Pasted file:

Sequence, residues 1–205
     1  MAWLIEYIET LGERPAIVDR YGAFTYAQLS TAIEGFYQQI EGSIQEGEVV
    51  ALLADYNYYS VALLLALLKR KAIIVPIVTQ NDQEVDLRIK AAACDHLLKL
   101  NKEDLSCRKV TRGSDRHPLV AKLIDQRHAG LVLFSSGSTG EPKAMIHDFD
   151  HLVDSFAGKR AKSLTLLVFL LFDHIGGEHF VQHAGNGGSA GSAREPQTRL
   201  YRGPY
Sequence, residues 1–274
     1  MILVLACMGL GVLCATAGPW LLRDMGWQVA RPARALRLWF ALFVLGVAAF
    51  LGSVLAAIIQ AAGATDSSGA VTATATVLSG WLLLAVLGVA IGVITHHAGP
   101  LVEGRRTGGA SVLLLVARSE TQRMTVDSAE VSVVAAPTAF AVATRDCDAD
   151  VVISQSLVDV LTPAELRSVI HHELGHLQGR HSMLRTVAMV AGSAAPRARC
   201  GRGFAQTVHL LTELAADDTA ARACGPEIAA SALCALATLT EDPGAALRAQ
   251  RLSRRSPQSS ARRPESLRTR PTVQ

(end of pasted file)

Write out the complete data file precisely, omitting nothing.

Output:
Sequence, residues 1–205
     1  MAWLIEYIET LGERPAIVDR YGAFTYAQLS TAIEGFYQQI EGSIQEGEVV
    51  ALLADYNYYS VALLLALLKR KAIIVPIVTQ NDQEVDLRIK AAACDHLLKL
   101  NKEDLSCRKV TRGSDRHPLV AKLIDQRHAG LVLFSSGSTG EPKAMIHDFD
   151  HLVDSFAGKR AKSLTLLVFL LFDHIGGEHF VQHAGNGGSA GSAREPQTRL
   201  YRGPY
Sequence, residues 1–274
     1  MILVLACMGL GVLCATAGPW LLRDMGWQVA RPARALRLWF ALFVLGVAAF
    51  LGSVLAAIIQ AAGATDSSGA VTATATVLSG WLLLAVLGVA IGVITHHAGP
   101  LVEGRRTGGA SVLLLVARSE TQRMTVDSAE VSVVAAPTAF AVATRDCDAD
   151  VVISQSLVDV LTPAELRSVI HHELGHLQGR HSMLRTVAMV AGSAAPRARC
   201  GRGFAQTVHL LTELAADDTA ARACGPEIAA SALCALATLT EDPGAALRAQ
   251  RLSRRSPQSS ARRPESLRTR PTVQ